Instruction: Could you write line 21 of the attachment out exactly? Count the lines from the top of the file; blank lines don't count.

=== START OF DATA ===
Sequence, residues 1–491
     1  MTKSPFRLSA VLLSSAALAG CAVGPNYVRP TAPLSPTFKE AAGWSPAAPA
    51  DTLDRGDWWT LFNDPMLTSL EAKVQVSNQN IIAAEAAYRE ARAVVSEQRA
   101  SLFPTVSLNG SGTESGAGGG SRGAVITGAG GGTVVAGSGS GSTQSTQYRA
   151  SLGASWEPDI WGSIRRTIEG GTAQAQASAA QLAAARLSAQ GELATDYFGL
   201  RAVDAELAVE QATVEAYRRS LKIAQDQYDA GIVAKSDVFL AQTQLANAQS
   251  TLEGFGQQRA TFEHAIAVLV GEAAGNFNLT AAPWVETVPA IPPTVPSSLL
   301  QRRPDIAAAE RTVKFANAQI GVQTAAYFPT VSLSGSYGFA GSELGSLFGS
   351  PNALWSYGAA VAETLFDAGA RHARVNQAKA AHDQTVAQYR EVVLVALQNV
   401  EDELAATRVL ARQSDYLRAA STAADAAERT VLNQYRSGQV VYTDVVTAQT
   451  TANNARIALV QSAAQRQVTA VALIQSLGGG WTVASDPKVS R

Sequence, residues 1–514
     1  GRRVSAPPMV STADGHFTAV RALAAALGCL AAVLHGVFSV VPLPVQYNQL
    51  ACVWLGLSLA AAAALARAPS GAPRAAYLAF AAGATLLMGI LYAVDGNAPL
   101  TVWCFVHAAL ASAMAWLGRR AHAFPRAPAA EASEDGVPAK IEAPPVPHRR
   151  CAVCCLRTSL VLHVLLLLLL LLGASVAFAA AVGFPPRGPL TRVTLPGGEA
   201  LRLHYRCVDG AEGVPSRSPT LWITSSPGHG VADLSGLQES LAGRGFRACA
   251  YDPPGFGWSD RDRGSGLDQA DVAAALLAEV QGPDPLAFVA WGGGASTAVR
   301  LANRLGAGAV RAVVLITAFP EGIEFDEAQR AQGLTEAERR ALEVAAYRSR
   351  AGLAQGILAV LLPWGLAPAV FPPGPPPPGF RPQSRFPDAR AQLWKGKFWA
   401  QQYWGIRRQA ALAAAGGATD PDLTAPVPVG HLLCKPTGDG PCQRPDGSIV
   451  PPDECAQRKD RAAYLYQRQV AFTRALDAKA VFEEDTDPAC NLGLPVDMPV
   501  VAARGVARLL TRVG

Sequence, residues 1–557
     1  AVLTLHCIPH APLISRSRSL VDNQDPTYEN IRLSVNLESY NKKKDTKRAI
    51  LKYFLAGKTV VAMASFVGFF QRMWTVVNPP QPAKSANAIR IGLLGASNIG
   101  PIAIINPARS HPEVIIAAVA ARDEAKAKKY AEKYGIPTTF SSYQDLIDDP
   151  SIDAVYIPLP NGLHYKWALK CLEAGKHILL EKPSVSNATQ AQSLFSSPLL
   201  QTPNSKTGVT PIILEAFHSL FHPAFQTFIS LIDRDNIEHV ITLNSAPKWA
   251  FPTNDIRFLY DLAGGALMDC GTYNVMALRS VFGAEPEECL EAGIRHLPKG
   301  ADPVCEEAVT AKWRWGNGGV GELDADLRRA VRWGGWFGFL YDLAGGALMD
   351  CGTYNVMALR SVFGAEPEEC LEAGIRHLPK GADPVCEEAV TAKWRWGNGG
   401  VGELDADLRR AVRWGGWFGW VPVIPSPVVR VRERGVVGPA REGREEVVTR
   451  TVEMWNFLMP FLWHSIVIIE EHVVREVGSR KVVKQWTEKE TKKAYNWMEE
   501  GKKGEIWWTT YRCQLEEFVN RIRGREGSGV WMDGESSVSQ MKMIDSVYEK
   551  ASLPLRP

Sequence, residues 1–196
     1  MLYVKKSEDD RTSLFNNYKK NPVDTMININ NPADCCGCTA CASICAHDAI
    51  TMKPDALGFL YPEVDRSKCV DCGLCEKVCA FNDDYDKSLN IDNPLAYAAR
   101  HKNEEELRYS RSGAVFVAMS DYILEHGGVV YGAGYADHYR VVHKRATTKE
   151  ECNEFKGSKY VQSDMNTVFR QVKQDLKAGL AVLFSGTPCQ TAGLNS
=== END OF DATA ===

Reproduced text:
   401  QQYWGIRRQA ALAAAGGATD PDLTAPVPVG HLLCKPTGDG PCQRPDGSIV